Many of us are are called to lives of sacred purpose where we seek to join professional livelihood with personal meaning and passion. However, there is a widening gap between the challenges of complexity and our individual and collective capabilities.
To realize our potential for passionate and meaningful livelihood, we must close this gap by building a bridge of capability.
The Integral Practitioner Lab at Meridian University offers the opportunity to identify, develop and refine a unique constellation of competencies that are required for impact.
This was, in essence, a gently directed, co-created series of conversations, guest speakers, and demonstration exercises embracing the broad topic of building bridges between individual and social change, facilitated by Meridian president Aftab Omer and Meridan faculty member Zak Stein. There were about two dozen of us in all, drawn from a surprisingly varied list of locations.
The major highlight was getting to know a warm, smart, and impact-making group of individuals. Our gathering included coaches, therapists, entrepreneurs, educators, consultants, and writers. With nary a PowerPoint slide in sight, we engaged in some 16 hours of dialogue and exchange about the state of the world and how we can contribute to its betterment. During this time, we learned about each other’s interests and projects, with our final focused activity being a break-out session of small group coaching.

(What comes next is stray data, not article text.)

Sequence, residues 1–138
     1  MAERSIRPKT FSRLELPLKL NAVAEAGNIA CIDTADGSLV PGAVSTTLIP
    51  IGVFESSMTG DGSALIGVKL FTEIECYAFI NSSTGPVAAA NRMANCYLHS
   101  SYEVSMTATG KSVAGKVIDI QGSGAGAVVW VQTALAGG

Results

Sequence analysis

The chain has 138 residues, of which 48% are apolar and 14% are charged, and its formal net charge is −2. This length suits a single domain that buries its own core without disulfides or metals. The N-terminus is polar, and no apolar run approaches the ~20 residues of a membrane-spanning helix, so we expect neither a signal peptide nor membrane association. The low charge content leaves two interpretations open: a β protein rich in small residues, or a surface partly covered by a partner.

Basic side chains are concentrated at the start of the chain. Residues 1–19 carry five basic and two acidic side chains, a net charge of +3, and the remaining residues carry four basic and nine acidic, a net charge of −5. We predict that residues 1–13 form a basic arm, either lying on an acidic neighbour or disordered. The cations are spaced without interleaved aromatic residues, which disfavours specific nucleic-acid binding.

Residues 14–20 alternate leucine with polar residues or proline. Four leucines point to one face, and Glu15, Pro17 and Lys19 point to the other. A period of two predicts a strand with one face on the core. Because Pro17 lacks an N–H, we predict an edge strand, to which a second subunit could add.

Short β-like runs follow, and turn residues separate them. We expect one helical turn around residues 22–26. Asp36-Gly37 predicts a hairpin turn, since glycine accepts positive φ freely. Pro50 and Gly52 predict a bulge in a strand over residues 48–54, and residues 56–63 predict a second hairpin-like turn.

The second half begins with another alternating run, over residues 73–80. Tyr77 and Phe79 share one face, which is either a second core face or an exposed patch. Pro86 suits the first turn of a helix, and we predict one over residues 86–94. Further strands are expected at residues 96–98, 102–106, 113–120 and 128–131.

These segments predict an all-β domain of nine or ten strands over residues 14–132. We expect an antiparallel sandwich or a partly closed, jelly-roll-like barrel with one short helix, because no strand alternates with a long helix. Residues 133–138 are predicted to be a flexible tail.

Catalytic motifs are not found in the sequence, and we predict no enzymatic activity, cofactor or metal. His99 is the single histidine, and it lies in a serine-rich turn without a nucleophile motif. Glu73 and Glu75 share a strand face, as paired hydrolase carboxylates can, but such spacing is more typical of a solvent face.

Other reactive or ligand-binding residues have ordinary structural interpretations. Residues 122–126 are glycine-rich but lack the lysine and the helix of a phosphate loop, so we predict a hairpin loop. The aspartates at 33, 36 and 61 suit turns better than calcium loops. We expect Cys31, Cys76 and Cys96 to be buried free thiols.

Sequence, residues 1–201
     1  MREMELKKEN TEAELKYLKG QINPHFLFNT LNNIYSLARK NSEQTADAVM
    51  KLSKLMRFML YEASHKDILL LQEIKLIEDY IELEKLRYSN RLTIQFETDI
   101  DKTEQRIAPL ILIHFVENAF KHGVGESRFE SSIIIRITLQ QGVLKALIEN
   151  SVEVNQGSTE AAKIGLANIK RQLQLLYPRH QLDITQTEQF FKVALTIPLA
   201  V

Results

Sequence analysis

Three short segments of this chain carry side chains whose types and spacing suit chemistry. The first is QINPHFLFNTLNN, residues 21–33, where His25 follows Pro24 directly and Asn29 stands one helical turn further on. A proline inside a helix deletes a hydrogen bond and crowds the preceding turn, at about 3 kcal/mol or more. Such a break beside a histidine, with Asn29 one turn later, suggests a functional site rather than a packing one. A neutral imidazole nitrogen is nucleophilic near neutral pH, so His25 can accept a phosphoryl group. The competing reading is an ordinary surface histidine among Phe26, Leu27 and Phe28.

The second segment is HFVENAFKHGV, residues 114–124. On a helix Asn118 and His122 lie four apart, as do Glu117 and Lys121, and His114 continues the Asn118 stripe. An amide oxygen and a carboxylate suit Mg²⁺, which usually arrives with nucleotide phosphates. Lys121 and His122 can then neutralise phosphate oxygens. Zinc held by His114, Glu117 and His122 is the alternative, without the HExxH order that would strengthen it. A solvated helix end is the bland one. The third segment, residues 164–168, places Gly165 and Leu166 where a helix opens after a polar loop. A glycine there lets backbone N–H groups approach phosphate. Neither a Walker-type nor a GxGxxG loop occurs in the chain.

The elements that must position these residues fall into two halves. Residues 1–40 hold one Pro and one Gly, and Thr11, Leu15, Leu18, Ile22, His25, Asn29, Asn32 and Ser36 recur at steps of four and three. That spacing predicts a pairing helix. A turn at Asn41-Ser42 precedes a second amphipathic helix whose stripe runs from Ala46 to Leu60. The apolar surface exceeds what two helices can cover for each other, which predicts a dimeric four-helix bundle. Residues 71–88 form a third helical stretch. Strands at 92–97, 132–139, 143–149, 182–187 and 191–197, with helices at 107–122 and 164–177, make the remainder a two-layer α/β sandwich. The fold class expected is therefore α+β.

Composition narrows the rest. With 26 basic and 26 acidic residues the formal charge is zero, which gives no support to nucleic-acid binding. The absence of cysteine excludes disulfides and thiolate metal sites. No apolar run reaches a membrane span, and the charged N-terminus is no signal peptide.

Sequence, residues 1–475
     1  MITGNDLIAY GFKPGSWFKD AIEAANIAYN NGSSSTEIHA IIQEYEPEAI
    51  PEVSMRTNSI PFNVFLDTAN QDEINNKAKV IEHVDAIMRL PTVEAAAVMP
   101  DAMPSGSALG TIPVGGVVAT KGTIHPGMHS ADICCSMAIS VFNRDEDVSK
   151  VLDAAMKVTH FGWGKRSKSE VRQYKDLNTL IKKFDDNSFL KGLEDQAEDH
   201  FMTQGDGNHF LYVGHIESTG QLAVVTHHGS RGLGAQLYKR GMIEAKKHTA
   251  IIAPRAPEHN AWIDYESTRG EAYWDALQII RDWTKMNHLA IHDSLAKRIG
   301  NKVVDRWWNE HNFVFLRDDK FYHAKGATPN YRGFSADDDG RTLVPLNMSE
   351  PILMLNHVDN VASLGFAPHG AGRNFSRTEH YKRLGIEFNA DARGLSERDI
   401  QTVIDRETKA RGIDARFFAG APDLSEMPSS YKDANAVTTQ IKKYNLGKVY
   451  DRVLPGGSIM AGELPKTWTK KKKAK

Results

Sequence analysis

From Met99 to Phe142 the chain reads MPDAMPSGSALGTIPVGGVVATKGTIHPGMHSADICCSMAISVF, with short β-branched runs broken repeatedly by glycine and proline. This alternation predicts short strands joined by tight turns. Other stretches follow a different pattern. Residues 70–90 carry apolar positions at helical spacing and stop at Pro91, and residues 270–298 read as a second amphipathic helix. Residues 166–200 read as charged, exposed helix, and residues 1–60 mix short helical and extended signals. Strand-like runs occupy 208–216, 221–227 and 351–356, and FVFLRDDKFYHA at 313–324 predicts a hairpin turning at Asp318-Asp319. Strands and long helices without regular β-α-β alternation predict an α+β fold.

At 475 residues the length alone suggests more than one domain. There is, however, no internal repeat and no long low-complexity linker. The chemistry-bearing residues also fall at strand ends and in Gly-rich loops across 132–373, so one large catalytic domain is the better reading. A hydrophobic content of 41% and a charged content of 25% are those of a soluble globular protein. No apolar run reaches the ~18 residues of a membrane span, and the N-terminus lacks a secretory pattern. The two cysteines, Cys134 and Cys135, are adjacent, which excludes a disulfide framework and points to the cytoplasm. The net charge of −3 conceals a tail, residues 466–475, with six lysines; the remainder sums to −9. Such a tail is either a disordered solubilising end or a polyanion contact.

Another highlight for me was an interactive session, via video conferencing, with Jean Houston, a renowned, visionary author and researcher who has joined Meridian as its chancellor. Dr. Houston addressed the anxieties and concerns about the world’s current political, social, and economic disruptions felt by many in the room. Pointing in part to Saturday’s peaceful marches and rallies around the world, but without offering false hopes, she suggested that these stark challenges have led us to a singular, mythic moment of opportunity to transform our society in healthier, more humane ways.
On a personal level, I was gifted with the opportunity to participate in an extended coaching exercise involving the full group and guided by Dr. Omer. In it, I was a client of sorts, attempting to learn more about my “developmental edges,” i.e., those aspects of ourselves that we can develop in order to be more effective in matters that we care about. This session deeply clarified my self-awareness of how I can be a more fiercely effective change agent toward making our laws and legal systems more receptive to psychological health and well-being, while working through feelings of anger over injustice, unfairness, and abuse. (To any of my fellow participants reading this, thank you, I am grateful beyond words.)
I admit it: Current events of the past year or so have sometimes put me in a funk, capped off by the presidential inauguration on Friday. But between those marching on the outside and the dialogue in our conference room, the weekend gave me a true lift, providing hope — to borrow from Pankaj Mishra — that we can better understand our society and achieve “greater precision in matters of the soul.” Our talents and commitments are needed, so let us work on ourselves and the world around us to make transformational changes.